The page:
Roberts might be surprised to learn that Roger Pielke Jr. preceded him in this opinion by over two years, arguing that a poll showing a majority of Congress members believed in climate change meant the following:
Congressional Republicans are d******bags and everyone hates them. You might think from their program of uncompromising, unreasoning obstruction that they have some secret master plan to regain seats in Congress (which, as you might have noticed, they keep losing), but as Matt Yglesias points out, it’s not so. Even National Republican Senatorial Committee chair John Cornyn (TX) admits that it’s all but a fait accompli that Democrats will reach 60 votes in the Senate in 2010.
That’s because everyone likes Obama, and everyone hates Republicans. As Chris Bowers has documented in an ongoing series, they are less popular among the American public than Obama, Congressional Dems, marijuana legalization, Venezuela, China, and probably this new pig flu, though no one’s polled that yet. They screwed up the country, they don’t have credible solutions to any of its problems, and the only people who listen to their increasingly loopy rhetoric are part of the 30% remnant.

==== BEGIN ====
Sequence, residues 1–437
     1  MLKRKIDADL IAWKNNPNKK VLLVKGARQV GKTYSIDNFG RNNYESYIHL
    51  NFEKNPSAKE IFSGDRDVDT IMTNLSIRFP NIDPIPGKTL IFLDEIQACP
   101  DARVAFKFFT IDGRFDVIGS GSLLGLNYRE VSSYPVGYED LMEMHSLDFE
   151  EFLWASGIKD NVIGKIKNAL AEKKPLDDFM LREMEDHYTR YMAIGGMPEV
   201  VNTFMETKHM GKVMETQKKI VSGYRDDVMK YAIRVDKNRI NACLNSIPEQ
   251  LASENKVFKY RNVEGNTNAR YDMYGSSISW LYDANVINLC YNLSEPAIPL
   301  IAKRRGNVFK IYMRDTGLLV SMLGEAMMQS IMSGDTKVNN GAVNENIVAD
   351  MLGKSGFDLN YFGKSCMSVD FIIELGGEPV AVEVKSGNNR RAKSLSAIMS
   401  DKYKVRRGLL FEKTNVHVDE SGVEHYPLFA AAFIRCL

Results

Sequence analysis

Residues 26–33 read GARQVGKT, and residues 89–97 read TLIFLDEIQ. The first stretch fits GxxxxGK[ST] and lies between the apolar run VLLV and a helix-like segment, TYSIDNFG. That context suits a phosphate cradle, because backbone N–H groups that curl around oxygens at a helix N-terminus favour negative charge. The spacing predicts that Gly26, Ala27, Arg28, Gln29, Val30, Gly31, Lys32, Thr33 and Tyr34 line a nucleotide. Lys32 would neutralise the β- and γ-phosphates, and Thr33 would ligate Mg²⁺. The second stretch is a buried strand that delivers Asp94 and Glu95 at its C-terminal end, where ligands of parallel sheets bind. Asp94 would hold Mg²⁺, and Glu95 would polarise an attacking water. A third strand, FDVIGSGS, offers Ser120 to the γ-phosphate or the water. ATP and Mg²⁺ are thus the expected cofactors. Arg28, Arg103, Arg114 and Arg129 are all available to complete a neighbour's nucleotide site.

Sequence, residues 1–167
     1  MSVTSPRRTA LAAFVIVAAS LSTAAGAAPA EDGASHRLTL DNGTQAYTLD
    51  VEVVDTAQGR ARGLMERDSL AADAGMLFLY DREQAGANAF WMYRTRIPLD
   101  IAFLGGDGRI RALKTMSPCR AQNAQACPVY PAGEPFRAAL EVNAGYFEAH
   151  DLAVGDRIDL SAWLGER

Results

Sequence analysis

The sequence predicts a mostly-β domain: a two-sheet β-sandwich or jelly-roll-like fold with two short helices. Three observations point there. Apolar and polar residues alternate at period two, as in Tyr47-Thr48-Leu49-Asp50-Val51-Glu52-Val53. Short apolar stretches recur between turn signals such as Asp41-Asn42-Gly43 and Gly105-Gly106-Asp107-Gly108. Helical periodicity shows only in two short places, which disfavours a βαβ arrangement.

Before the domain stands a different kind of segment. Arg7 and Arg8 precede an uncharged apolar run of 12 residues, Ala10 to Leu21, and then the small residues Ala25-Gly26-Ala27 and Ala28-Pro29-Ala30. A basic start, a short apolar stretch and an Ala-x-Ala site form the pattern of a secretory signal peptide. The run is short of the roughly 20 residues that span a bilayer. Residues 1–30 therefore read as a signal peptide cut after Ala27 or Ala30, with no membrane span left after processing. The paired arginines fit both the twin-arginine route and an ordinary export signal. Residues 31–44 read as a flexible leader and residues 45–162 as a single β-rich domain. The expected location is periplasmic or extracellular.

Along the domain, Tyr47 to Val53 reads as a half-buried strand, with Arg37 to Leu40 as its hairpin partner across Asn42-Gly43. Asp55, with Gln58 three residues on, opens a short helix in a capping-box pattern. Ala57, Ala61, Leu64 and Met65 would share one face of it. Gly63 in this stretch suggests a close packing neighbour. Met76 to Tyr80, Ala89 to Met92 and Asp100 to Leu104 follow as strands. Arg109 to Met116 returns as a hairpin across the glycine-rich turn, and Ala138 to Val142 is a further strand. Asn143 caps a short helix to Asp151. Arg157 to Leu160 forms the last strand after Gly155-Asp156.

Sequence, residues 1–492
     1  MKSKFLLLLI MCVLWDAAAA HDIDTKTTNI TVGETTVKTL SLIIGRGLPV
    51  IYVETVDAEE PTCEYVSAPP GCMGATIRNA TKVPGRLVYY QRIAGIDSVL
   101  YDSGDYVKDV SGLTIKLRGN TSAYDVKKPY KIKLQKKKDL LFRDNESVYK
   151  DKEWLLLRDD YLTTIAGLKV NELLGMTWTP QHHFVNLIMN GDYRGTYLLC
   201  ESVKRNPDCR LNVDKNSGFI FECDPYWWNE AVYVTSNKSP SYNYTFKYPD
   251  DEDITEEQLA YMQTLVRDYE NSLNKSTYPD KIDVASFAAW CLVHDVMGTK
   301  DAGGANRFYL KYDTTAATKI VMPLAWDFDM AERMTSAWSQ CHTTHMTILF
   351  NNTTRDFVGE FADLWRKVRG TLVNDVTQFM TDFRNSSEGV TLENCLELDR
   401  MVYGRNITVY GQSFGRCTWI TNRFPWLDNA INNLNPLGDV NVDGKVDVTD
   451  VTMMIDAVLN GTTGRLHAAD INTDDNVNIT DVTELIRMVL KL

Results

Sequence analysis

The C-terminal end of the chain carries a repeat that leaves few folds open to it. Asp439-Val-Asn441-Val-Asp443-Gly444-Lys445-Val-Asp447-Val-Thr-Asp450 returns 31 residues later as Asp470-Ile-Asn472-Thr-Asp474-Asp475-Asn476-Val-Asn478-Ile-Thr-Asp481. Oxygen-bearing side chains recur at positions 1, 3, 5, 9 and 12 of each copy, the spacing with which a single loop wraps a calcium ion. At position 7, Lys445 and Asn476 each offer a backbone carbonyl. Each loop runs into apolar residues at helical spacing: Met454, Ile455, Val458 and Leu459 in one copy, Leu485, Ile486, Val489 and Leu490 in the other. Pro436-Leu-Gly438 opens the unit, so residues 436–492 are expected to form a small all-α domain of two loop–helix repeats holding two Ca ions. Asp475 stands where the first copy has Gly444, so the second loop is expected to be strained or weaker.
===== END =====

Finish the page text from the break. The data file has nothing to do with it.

1. The issue of science is no longer relevant to debate in Congress. A majority in both chambers accepts the human role in climate change, and further a majority accepts the need for action, including mandatory caps on carbon dioxide.
Roger the crazy radical goes even further, saying one reason for Congressional inaction on climate back in 2007 was that "some scientists" like those at RealClimate spent time talking about skeptics' arguments. Damn you, RealClimate!
However nice it may be for Roger and Roberts to agree on something, they're wrong. You need 60 votes in the Senate to beat a filibuster over climate change, so 41 Senators can stop action. The bad guys have 30 votes in their pocket thanks to denialists, ones who listened the echo chamber enough to believe the nonsense. It's not as if all the remaining Congressmembers accept the consensus either - they can think there might be something to the critiques, a thought that would be magnified by the economic interests of their states and their financial contributors and friends. Unwarranted skepticism is a huge dead weight, something that keep politicians from doing the right thing, and knocking it down is still necessary.